Its not necessarily about being 'smart' or should that be smug in your case.
J2EE is not rocket science Mike. Its just a matter of getting the right education. You seem to have a big sense of your own self-importance.
And yes, you do sound like an arrogant jerk. You are not really sorry though. Dont apologise-its probably because you are one.
I think the point Oliver made is valid, even if Mike's reply might have been a bit harsh. I believe that Domino/Lotus Script/@Formula language developers have a different focus, and different skills. You are not likely to turn a Domino developer into a J2EE developer easily.
In the past, the way to extend Notes/Domino with components requiring "real" programming environments was to develop server tasks with the C/C++ API or LSXs (Lotus Script eXtensions) for the client side. If this could be replaced, e.g. by being able to develop EJBs/Web Services/Taglibs that could then just as easily be used by Domino developers as the existing Notes/Domino infrastructure, it would be just great. But I don't think this is going to happen, since I don't believe that IBM is ever going to port Domino to J2EE, however often they announce it ;-)
I am a Domino developer, and a Java/J2EE developer. Stefan's point about Domino requiring different skills and a different focus is quite valid. Granted, Domino does not support EJB's, but who needs it to? There are a number of complex, integrated tools available through Domino, such as LEI (Lotus Enterprise Integration) and DECS (Domino Enterprise Connectivity Service) that I can use to retrieve data from any relational backend without all the overhead EJB's carry.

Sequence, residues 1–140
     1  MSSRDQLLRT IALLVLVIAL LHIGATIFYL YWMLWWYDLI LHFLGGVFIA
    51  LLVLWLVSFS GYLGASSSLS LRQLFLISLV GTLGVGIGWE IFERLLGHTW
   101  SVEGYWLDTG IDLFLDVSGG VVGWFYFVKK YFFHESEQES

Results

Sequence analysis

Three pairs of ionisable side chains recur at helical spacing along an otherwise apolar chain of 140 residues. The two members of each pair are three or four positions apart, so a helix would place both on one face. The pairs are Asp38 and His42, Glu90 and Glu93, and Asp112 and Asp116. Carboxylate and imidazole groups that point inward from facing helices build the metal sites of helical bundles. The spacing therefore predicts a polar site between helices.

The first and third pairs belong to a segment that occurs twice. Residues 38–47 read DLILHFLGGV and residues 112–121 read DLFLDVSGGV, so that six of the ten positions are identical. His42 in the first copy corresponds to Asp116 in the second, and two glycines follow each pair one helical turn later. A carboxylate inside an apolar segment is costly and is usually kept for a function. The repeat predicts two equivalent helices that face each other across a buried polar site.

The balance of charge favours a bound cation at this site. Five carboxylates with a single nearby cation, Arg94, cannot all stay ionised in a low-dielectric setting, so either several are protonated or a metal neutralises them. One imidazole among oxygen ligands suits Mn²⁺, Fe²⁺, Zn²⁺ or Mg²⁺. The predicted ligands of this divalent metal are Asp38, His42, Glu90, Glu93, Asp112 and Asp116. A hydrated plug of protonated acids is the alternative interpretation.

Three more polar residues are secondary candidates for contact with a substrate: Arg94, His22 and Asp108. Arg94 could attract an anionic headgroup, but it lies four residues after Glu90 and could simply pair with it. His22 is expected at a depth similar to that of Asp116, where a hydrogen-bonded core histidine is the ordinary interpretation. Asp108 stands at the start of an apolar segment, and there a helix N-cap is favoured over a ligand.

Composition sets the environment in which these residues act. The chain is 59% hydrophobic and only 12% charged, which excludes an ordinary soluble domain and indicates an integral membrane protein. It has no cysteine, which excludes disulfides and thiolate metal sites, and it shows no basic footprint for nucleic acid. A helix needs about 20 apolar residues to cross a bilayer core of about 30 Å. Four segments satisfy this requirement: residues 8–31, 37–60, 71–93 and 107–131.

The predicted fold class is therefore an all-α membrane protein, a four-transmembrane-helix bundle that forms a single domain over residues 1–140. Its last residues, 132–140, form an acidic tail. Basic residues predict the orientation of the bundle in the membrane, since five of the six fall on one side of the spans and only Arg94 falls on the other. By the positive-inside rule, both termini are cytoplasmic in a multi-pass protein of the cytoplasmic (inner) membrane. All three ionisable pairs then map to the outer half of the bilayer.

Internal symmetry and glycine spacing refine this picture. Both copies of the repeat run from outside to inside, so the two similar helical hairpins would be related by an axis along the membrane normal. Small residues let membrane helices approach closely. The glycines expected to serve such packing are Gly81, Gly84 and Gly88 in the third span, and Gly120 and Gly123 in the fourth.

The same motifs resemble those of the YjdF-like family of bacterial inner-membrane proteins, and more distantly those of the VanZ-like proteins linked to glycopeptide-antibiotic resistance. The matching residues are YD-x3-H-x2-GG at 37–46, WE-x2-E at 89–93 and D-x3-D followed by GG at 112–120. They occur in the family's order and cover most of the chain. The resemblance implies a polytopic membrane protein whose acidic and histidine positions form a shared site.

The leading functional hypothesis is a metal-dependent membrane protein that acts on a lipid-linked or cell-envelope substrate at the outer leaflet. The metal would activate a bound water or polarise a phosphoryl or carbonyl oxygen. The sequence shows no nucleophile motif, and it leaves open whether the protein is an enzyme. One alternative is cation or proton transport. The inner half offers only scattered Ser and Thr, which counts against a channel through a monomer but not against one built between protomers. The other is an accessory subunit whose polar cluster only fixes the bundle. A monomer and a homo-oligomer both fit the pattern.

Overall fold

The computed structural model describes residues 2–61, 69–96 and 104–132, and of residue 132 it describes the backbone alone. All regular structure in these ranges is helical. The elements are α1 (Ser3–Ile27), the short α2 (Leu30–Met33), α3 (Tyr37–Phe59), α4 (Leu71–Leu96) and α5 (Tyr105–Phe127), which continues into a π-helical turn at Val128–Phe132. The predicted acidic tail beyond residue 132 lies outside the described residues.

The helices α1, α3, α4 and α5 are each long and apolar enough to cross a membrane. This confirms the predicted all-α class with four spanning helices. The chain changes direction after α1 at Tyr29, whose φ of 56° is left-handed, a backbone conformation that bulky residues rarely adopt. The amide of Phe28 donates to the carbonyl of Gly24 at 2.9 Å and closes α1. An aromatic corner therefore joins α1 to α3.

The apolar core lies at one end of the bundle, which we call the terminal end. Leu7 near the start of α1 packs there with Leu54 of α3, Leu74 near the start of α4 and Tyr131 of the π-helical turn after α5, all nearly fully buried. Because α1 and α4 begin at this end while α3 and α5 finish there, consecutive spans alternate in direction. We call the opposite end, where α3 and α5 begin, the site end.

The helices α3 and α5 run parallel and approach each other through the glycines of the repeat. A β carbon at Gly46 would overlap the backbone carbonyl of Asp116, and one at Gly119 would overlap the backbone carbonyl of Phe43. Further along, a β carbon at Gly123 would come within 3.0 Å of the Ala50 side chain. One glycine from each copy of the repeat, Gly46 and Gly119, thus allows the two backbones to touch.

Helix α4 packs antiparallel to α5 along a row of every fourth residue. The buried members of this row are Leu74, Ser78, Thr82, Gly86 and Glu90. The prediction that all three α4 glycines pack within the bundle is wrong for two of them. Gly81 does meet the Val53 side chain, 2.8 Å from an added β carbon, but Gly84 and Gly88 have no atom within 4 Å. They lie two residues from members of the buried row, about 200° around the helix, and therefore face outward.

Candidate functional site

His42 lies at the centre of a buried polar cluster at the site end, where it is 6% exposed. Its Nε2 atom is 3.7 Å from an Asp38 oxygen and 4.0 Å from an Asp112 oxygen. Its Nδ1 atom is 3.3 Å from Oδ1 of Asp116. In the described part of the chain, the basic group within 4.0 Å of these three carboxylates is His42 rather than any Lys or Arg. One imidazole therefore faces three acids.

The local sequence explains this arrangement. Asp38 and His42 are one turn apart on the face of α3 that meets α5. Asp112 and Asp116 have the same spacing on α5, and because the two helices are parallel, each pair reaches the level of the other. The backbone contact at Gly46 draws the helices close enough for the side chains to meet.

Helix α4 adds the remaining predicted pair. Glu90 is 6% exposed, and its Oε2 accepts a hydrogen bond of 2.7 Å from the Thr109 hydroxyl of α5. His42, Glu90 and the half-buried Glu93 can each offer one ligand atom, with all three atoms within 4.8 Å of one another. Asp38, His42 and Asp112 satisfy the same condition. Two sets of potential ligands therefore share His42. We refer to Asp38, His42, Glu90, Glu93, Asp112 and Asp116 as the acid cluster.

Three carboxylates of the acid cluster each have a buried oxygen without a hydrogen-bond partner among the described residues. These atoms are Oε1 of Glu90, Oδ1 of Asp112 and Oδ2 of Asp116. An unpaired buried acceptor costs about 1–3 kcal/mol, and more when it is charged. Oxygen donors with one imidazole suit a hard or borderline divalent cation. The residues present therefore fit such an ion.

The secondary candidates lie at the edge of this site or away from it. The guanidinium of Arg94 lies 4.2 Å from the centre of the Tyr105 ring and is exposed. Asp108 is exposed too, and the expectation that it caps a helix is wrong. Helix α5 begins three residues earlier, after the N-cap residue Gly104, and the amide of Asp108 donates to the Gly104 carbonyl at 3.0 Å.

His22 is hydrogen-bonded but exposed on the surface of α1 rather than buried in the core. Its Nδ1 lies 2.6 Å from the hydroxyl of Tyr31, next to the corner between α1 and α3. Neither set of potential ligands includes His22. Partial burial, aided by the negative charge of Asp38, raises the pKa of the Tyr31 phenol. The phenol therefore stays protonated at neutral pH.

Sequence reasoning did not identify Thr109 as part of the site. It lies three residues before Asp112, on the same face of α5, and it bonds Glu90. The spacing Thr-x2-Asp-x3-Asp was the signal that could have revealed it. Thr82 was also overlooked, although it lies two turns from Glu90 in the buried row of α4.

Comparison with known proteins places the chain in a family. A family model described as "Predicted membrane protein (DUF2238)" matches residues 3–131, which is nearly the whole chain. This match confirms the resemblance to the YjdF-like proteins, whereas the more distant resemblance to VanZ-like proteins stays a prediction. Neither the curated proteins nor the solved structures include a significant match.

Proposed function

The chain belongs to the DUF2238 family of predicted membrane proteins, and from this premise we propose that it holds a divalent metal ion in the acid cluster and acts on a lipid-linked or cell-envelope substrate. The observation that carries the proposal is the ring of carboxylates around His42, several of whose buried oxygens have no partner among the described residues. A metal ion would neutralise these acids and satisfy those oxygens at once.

I'm a Java fan, but there are some things I can do a lot quicker with Domino because I don't have the overhead. As far as architecting goes, there's a lot more involved with Domino than most people here know. You have to know which design elements are best for which purposes, you have to understand the security model, and what you can accomplish where you are working, in what context, and with what tools and/or programming languages.
And for those of you who think that Java will always be superior, I have a complete e-commerce website with shopping cart, e-cards, knowledge repository, art gallery, and email notifications. I have a blog I'm putting in place when I have a couple of hours, and my wife, who doesn't understand even html, can create content and add products to the site, and I built the site in about 100 hours. I couldn't even come close to that if I had to use Java.
It's all about the right tools for the right purpose. BTW, the Domino J2EE toolkit has been available as a Beta for several weeks and will be officially released this summer. Although I don't have WSAD, since it uses the Eclipse framework I downloaded it to use with my Eclipse IDE.
Well said Alex! I too am a Domino Developer, I have done limited Java development but desperately want to work with the J2EE architecture. Problem is justifing the expense and time to do J2EE. Most companies I work for love Domino/Notes because it is quick and cheap, and have little concern about J2EE's strengths, building applications that are robust and scalable.
I have argued the point of developing using J2EE. Encapsulating business logic into a EJB, but with the economic environment, management prefers quick and cheap to robust, reusable, scalable and right. Very shortsighted but a reality at this time.
Another point would be using the right tool for the job, convincing management that they need a Lamborghini, "J2EE", to get a load of groceries "building a basic application", is a hard sell, when they know that the VW Bug, "Domino", will do the job just fine.